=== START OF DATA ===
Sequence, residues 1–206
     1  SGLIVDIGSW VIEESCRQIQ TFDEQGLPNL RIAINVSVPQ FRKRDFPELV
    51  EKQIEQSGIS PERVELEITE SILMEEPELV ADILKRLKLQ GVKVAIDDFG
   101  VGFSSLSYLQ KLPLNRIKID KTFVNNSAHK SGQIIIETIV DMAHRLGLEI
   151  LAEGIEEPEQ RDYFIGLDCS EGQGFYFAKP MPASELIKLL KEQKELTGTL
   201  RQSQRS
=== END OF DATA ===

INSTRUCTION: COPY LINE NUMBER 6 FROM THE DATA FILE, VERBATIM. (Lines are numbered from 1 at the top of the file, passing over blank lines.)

   201  RQSQRS